What is a Loan? Definition and meaning
A loan is defined as something that is borrowed (usually in the form of money or property) that is eventually paid back to the lender with interest. It is a form of credit.
It can be for a one-time amount or in the form of open-ended credit (with a set limit).
When someone borrows money, the amount they borrow is called the principle.
The principle is paid back by the borrower to the lender in the form of installments (which can be specified in the contract).
A loan is something borrowed.
The interest paid annually on the amount borrowed is known as APR (annual percentage rate).
A loan contract typically specifies:
- the principle amount (how much someone wants to borrow).
- the interest rate on the loan (the cost borrowing).
- the repayment date (when the loan has to be repaid by).
According to ft.com/lexicon, a loan is:
“Money lent (i.e. provided by a lender to a borrower), normally in return for interest and repayable at a specific date. Also, the act of lending something, especially money.”
There are five general types of loans: secured, unsecured, demand, subsidized, and soft loans.
These are secured by an asset – which is called the collateral. If the borrower fails to make his or her repayments the bank reserves the right to take possession of the collateral.
Examples of secure loans include: a mortgage, auto finance, a home equity line of credit (HELOC), or a home equity loan (where the home is used as collateral).
These are not secured by assets – in the the case of a default, the lender will not have automatic access to an asset. For the bank, unsecured lending is riskier, hence the interest rates are generally quite high.
Examples of unsecured loans include: credit cards, a student loans, personal lines of credit, and personal loans.
These have a floating interest rate, and have no specific maturity date. However, the lender has the right to demand a repayment at any time – usually this happens when they predict the customer is going to run into financial problems.
This type of lending is arranged when the lender has a significant level of confidence that the borrower will be able to pay off the debt within a short amount of time.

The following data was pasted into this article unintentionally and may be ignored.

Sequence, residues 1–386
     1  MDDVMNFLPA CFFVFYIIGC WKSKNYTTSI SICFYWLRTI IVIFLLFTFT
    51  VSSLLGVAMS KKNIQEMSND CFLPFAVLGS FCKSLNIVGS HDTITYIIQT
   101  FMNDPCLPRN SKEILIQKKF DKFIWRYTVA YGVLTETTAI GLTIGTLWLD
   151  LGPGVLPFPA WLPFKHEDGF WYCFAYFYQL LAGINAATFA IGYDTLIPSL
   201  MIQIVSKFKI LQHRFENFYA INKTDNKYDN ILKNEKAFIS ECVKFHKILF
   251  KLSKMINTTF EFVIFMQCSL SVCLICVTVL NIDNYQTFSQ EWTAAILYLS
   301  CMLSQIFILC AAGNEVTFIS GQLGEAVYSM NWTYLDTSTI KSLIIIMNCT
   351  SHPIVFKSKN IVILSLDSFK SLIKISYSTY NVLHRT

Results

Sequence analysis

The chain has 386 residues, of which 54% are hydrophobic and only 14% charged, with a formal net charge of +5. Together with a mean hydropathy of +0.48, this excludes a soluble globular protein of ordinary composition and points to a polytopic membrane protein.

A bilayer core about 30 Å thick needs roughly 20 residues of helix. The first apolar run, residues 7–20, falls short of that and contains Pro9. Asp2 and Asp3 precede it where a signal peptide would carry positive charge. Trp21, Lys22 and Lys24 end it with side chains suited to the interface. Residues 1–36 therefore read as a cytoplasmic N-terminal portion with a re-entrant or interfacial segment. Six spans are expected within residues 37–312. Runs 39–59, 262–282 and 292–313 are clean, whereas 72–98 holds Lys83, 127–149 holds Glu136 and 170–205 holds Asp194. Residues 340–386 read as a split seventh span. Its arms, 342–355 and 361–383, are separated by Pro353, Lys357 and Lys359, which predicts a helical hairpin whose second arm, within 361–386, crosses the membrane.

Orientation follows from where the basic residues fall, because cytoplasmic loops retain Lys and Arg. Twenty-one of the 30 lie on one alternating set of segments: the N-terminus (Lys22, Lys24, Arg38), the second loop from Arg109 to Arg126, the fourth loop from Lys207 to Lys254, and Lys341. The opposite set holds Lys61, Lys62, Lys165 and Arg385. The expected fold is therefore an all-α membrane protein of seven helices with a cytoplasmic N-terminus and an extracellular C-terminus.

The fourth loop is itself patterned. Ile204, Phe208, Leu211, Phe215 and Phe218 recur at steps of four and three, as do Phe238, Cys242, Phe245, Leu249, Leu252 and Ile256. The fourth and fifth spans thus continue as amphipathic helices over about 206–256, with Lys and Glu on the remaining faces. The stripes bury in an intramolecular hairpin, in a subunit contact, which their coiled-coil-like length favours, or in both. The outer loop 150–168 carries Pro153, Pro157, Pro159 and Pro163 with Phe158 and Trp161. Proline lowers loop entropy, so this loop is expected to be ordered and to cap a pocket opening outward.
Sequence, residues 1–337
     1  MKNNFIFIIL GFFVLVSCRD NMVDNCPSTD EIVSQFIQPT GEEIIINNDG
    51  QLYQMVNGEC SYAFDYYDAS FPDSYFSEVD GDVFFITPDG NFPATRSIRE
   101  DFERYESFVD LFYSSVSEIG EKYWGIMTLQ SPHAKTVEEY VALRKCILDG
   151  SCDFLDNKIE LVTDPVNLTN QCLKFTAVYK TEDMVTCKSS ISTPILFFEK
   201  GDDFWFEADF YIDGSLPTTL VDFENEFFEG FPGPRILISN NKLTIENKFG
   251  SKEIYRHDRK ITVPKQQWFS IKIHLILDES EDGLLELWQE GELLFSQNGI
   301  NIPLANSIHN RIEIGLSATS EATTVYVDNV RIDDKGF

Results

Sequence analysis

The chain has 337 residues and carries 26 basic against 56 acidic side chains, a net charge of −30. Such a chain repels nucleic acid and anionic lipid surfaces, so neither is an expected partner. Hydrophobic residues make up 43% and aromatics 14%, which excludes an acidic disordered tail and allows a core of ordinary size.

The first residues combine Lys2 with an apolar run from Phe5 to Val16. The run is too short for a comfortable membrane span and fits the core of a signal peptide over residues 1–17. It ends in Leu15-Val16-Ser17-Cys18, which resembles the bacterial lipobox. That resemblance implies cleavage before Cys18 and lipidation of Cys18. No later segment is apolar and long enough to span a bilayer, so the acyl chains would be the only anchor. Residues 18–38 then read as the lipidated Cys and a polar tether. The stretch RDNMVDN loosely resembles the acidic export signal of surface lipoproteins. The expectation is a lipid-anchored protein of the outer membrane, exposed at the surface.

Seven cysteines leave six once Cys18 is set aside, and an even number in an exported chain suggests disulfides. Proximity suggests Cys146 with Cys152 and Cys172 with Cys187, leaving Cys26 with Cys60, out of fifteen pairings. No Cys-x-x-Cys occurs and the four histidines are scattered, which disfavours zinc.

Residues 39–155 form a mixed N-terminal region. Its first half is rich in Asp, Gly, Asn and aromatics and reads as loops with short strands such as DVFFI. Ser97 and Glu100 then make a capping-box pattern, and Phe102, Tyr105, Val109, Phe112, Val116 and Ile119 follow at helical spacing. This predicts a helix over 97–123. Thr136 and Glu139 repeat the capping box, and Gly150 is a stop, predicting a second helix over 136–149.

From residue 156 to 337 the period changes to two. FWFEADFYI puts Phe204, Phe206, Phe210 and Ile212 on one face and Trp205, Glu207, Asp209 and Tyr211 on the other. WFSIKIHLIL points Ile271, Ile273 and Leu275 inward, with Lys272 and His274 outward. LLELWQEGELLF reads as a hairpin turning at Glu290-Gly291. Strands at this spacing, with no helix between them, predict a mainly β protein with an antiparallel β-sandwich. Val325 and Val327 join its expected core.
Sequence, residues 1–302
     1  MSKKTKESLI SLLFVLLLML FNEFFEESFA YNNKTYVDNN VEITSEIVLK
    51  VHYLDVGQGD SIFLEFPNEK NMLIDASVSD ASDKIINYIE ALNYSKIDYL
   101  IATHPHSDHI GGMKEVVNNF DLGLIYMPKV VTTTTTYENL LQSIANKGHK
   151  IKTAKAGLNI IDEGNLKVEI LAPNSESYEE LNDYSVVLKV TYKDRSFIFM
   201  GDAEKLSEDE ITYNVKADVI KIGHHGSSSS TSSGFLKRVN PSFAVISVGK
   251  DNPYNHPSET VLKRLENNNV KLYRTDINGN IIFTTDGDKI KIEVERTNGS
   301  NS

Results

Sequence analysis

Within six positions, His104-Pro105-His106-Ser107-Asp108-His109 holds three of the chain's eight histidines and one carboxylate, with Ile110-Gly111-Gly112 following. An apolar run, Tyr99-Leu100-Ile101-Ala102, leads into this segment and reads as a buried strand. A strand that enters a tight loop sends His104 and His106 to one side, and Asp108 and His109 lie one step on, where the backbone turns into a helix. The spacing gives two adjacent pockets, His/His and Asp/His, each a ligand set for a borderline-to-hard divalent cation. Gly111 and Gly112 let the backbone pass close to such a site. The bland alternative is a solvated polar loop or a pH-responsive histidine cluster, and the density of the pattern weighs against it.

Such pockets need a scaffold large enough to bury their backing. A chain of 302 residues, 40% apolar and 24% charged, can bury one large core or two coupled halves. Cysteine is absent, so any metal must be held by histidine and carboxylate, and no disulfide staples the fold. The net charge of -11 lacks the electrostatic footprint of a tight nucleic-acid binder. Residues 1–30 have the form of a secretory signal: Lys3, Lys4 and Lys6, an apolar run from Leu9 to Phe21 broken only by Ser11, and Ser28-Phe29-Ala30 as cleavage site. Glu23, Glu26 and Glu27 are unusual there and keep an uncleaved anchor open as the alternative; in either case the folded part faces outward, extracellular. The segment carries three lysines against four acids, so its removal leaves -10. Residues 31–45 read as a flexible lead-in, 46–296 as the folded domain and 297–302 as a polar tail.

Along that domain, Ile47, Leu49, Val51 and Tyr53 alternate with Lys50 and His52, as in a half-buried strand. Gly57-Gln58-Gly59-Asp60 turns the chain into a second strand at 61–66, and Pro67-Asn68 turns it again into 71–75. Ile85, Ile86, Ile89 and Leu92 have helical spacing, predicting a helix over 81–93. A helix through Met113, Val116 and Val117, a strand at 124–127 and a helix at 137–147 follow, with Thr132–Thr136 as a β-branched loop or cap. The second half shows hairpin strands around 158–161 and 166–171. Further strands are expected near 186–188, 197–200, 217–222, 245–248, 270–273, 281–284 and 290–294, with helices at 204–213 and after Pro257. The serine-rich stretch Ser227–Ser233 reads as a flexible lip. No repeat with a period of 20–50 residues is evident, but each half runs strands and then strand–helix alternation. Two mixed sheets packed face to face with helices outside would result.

These are loans in which the government agrees to pay the interest. With a Stafford loan, for example, the government pays the interest as long as you are at school.
These loans have relatively lenient terms and conditions, with lower interest rates than the average market rate. They are normally provided by government agencies as opposed to banks or financial institutions. For example, the World Bank often provides soft loans to help develop projects in developing countries.
Wet and dry loans
A wet loan is a mortgage loan in which the funds are released early – before all the paperwork is completed. This type of loan is useful if the borrower needs to act swiftly, as is usually the case in a ‘sellers’ market’.
A dry loan is the opposite – the money is not released until all the documentation regarding the loan is completed, checked, and signed by all parties concerned.
Loan payment formula (example):
One of the most common loan payment types is the the fully amortizing payment, where a loan is paid off with regular or periodic installments.
Formula to calculate the fixed monthly payment:
P = fixed monthly payment
L = the loan amount
n = the number of months
c = the monthly interest rate
How do banks evaluate a loan application?
When banks are evaluating whether or not a person or business is eligible for borrowing, they check the credit worthiness of the applicant using a formula called the six C’s of credit.
– Character – lenders need to believe they are lending to a reliable borrower.
– Capacity – checking the borrower’s ability to repay the loan.
– Capital – the borrower’s own personal investment in what they will be using the loan for.
– Collateral – items that can be sold if a borrower fails to repay the amount borrowed.
– Conditions – what the applicant wants the money for.
– Confidence – a bank needs to feel confident with the borrower.